Tea Party

This strategy allows students to analyze and discuss portions of a text before they read the text in its entirety. Students are able to make predictions and think critically by actively participating with their peers to identify things like causal relationships, comparisons and contrasts, event sequencing, and building on background knowledge during text analysis.

Instructions

  1. The teacher selects key words, phrases or sentences from a text that students have not yet read. The words, phrases or sentences that were selected are put on individual slips of paper or index cards. Each student is given one of the "quotes" from the text. Several students may have the same information depending on the length of the text. 

  2. On the teacher’s signal, the students walk around the classroom, find a conversation partner, and take turns reading their information to one another. Once they have shared they move to another partner and share their information again. Sharing continues until the teacher believes that all students have heard all of the information. For more structure, the teacher may give a signal that it is time for students to move and share again. 

  3. The teacher creates pairs or small groups of students. Working together, they predict what the full text is about based on the information they have. They may also generate questions they have based on what they heard. 

  4. The teacher then brings the class back together and asks each pair or group to share a prediction. 

Adaptation for Online/Distance Learning

  1. This is a synchronous activity. 

    The teacher selects key words, phrases or sentences from a text that students have not yet read. The words, phrases or sentences that were selected are written on individual slides within a Google Slide deck. Each student is assigned their own slide and corresponding quote.  Several students may have the same information depending on the length of the text.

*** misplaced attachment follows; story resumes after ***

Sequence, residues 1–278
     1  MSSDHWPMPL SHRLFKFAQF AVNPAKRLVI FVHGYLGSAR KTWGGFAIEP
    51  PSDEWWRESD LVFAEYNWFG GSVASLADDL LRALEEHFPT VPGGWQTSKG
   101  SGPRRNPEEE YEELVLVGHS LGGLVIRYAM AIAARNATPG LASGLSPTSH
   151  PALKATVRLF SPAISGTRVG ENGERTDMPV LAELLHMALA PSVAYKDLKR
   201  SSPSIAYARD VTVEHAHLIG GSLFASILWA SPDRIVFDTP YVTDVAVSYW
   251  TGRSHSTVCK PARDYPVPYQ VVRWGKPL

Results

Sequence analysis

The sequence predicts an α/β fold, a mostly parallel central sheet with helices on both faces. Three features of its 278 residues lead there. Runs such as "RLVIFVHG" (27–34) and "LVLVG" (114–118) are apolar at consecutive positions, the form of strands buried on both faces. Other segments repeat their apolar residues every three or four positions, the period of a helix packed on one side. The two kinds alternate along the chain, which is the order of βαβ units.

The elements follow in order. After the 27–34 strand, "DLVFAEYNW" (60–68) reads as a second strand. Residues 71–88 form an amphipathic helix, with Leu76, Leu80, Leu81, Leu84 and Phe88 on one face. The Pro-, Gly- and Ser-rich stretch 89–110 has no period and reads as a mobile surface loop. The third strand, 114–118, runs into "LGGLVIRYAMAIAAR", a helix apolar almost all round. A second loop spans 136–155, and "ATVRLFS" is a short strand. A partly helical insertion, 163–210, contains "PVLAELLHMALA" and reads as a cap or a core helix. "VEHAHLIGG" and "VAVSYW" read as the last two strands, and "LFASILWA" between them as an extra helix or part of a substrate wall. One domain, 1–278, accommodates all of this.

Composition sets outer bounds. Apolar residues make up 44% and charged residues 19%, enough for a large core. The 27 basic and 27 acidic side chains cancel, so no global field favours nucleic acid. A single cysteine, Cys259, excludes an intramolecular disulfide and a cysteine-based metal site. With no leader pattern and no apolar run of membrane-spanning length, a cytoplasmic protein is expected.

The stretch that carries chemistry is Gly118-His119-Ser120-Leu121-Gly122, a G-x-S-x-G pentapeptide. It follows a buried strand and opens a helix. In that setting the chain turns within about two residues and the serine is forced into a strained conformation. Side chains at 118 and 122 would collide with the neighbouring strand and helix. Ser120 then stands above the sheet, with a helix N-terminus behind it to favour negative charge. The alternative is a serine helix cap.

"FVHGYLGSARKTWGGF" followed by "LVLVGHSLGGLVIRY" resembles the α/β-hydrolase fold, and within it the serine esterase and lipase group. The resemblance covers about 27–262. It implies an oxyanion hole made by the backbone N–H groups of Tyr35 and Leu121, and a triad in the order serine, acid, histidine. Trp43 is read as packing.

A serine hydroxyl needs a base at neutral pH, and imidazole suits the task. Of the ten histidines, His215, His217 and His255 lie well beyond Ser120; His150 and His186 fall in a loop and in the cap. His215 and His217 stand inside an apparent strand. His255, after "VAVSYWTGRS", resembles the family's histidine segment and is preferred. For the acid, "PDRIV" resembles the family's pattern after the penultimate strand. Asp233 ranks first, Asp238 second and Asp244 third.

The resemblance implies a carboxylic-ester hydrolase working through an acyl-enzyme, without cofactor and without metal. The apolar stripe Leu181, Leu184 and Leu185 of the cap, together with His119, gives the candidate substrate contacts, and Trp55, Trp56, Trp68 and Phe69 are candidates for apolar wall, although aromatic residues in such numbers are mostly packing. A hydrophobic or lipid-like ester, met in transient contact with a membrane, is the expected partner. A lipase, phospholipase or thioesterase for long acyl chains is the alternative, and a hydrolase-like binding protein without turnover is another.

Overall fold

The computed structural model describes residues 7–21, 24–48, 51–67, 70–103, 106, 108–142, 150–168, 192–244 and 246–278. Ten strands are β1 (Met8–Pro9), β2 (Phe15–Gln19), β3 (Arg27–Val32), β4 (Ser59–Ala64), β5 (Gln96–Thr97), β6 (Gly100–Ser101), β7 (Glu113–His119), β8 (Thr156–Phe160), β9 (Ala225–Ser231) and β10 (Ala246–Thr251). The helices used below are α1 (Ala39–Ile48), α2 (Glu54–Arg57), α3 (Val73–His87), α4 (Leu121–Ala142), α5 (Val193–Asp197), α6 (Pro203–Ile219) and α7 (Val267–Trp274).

Students are randomly placed into breakout rooms and take turns reading their quotes to one another. 

    Students are again randomly placed into breakout rooms to read their quotes within a new group. This continues until the teacher believes that the majority of students have heard all of the quotes. 

    The teacher then creates pairs or small groups of students. Working together, they predict what the full text is about based on the information they have heard. They may also generate questions they have based on what they heard. 

    The teacher then brings the class back together and asks each pair or group to share a prediction. 

    For individual accountability: The teacher may wish to call on non-volunteers to share a prediction. The teacher may also ask each student to do a quick write that makes a prediction and may ask students to post their prediction using a tool like Flipgrid. 

Helpful Tips

  1. This activity can be used with a variety of texts and media, including poems, articles, or whole books.

Differentiation

  1. The teacher can provide discussion starters and graphic organizers to facilitate interaction between lower proficiency students, or to challenge higher proficiency students to have more in depth discussions and record details.

Materials

  1. Index cards or slips of paper with quotes from a text that students have not yet read

  2. (Optional) Graphic organizers and discussion starters